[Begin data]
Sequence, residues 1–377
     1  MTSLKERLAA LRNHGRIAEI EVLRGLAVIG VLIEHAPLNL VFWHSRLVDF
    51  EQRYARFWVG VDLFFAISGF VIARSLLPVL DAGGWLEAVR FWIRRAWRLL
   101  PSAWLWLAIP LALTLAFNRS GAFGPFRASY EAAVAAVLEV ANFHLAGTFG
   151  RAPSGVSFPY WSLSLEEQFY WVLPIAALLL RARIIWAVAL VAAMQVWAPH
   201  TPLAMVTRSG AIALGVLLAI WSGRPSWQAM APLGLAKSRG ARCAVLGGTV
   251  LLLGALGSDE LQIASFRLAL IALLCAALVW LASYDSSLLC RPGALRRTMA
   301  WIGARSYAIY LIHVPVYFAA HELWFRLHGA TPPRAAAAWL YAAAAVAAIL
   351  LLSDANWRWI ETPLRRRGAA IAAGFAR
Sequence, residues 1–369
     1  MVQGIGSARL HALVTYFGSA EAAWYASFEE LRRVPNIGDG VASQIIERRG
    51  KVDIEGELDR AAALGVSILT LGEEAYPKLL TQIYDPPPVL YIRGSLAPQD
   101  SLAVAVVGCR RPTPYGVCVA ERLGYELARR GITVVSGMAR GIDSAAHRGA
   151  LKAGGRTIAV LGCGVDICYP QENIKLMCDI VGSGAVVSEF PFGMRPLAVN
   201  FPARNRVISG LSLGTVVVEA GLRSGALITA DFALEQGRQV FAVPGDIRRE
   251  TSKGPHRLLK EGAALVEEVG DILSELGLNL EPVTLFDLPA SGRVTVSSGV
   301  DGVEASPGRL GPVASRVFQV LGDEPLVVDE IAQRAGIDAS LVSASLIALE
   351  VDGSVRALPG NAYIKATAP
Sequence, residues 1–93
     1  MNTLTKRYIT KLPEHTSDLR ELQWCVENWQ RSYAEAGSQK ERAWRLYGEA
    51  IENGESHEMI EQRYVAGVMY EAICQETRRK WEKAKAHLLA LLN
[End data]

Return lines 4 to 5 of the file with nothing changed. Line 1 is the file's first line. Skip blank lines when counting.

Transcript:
   101  PSAWLWLAIP LALTLAFNRS GAFGPFRASY EAAVAAVLEV ANFHLAGTFG
   151  RAPSGVSFPY WSLSLEEQFY WVLPIAALLL RARIIWAVAL VAAMQVWAPH